I have a television in my bedroom. I borrowed it from my sister, who upgraded. I used to bring the kitchen TV upstairs when my husband was out of town; I liked the company. But it was heavy, and I got tired of carrying it up and down the stairs. Besides, I have my own room, and it can have its own TV.
Back when we were twenty-something, Marty and I had a little black and white TV in our bedroom on 27th Street in Remington. I don’t remember what we watched—LA Law and NYPD Blue, probably—but I do remember that our roommate, an unemployed used car salesman, used to take that TV from our room while we were at work so that he could stay in his room all day, freebasing cocaine and peeing in a one-gallon apple cider jug. Imagine the day I came home and searched the house for that little TV only to find it illuminating the tighty whities of our roommate, a giant bottle of urine next to his bed. He muttered an apology, but he still stole it every day, even rummaging through my things when I hid it from him.
When we moved, we got a bigger TV, and the little one went in the den. (The roommate did not come with us.)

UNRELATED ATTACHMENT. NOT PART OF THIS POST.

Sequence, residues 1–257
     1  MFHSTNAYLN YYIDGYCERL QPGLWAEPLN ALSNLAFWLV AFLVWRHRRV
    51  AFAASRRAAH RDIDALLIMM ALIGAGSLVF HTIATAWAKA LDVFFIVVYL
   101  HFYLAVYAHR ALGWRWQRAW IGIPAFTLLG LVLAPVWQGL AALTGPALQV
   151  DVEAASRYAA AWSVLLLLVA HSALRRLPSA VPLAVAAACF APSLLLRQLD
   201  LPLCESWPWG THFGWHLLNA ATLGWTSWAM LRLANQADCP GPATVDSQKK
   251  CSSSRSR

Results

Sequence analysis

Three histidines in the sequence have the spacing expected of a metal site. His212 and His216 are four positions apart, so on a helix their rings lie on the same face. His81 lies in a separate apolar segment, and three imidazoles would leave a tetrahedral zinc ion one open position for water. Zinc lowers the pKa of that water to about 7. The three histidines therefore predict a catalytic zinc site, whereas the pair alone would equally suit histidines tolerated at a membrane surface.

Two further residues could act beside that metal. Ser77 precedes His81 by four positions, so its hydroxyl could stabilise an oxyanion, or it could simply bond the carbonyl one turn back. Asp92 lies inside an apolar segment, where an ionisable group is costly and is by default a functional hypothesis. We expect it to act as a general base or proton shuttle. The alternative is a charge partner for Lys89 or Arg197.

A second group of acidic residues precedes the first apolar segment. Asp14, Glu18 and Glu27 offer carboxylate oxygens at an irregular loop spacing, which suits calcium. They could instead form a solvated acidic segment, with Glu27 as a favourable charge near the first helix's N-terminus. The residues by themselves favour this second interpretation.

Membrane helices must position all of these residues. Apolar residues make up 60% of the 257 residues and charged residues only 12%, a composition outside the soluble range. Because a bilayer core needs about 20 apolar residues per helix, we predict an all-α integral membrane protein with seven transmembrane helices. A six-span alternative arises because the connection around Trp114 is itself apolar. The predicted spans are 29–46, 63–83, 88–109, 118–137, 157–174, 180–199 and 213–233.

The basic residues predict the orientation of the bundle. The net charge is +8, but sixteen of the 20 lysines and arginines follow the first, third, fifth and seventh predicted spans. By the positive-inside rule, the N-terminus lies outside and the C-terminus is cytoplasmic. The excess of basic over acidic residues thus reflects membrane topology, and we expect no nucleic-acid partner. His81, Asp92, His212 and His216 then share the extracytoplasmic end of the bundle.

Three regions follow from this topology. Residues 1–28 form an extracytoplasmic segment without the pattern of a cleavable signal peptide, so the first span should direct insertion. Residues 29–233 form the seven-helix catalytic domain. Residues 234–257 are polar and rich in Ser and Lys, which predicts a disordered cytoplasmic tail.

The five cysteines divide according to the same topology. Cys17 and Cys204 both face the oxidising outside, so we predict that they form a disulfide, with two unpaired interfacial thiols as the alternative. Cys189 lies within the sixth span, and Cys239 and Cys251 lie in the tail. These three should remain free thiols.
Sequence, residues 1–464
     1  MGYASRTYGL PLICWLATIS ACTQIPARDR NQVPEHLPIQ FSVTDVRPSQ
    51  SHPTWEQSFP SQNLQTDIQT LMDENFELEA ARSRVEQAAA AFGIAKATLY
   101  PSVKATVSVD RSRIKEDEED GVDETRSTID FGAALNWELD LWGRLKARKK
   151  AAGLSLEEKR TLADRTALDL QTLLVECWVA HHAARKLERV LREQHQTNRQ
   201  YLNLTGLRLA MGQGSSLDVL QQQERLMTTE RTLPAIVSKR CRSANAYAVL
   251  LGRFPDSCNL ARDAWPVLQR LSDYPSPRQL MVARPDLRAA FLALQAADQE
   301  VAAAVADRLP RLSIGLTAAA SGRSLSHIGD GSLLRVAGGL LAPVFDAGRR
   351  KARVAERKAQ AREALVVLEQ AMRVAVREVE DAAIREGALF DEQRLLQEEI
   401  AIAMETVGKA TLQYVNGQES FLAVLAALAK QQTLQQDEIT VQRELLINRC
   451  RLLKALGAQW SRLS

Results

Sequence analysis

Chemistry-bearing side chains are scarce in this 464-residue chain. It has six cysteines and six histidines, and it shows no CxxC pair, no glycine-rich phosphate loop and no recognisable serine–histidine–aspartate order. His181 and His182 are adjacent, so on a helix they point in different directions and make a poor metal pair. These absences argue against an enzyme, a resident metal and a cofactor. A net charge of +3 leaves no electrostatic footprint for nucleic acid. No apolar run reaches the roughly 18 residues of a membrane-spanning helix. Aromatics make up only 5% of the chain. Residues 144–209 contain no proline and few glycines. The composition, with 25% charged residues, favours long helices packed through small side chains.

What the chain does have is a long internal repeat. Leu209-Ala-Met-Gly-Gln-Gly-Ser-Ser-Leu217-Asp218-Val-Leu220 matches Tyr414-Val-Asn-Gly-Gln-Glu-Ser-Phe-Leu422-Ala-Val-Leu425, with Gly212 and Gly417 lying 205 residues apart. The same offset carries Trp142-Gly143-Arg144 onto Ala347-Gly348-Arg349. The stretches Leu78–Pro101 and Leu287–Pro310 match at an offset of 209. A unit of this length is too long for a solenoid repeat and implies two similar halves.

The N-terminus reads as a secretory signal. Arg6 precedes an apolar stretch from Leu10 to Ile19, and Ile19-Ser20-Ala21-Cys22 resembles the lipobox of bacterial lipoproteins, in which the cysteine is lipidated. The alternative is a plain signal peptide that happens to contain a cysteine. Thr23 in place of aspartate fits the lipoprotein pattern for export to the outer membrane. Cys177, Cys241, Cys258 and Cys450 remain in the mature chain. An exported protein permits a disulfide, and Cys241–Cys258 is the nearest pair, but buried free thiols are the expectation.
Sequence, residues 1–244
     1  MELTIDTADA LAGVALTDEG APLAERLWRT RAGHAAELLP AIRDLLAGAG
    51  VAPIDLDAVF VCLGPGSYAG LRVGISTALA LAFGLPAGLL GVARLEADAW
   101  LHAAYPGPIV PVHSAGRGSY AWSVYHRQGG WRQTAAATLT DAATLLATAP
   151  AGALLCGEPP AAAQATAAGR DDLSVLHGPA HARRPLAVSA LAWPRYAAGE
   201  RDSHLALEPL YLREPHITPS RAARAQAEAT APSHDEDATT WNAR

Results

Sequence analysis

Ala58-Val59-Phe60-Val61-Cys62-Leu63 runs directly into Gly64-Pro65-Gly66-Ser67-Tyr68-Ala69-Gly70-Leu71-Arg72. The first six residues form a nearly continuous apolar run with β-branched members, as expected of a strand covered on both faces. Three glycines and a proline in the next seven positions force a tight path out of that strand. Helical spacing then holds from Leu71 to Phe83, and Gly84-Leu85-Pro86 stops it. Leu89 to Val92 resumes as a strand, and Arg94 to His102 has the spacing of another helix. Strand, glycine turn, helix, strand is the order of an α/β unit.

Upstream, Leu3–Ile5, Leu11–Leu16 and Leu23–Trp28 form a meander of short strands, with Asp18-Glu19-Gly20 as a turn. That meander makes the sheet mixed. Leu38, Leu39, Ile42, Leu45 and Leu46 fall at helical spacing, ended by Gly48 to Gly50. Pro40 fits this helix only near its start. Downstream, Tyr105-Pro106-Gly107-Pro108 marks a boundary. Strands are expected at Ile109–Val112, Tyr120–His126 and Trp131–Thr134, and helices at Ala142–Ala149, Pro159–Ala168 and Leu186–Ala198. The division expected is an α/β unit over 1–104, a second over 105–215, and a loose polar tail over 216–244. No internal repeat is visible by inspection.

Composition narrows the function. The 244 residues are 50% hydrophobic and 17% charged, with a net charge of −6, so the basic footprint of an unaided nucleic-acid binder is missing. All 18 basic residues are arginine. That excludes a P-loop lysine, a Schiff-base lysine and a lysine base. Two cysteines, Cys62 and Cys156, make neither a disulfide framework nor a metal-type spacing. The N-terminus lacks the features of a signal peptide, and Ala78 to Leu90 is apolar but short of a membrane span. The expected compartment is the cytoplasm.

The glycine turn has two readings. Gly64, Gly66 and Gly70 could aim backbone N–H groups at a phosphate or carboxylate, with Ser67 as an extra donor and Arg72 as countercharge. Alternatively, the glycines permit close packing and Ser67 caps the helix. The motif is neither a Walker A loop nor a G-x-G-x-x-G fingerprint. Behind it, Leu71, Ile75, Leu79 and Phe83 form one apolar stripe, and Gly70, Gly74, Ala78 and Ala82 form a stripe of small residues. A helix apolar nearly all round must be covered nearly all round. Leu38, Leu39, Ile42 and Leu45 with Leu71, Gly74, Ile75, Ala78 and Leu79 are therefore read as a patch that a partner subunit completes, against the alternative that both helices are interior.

I never used to watch the tube a lot, though I confess to having a thing for the various incarnations of The People’s Court. Winter nights for the past fifteen years have always been capped with an hour-long soak in the tub with a good book. But since I put my sister’s TV in my bedroom, I’ve all but stopped reading and bathing. Instead, I get in bed and watch the cop shows—CSI, Law and Order, Without a Trace, Cold Case. If it’s got a bad guy and airs between nine and eleven, it’s on in my bedroom.
My husband hates it. He wants to be the only bad guy in my bedroom. Instead, he comes in to say his passive-aggressive goodnight before filling the adjacent room with hurricane-force snores.
You’d think that all these shootings and robberies and rapes and murders would keep me up nights, but I actually sleep a little better. In the past few weeks, in fact, something odd has happened. I can’t seem to stay awake for the ends of the shows. I’ve been falling asleep at quarter of ten and quarter of eleven, just before they catch the bad guys. I’ve seen magicians die, their killers disappear. I’ve seen kids get lost but never found. I’ve seen cops almost get their man. Then it’s all blank, and I wake up in time for the next show’s theme song.
You’d think this would have some kind of effect on me—that I would have begun to lose my faith in law enforcement or that I’d be worried all the time. Nuh-uh. The fact that TV shows no longer resolve has not made a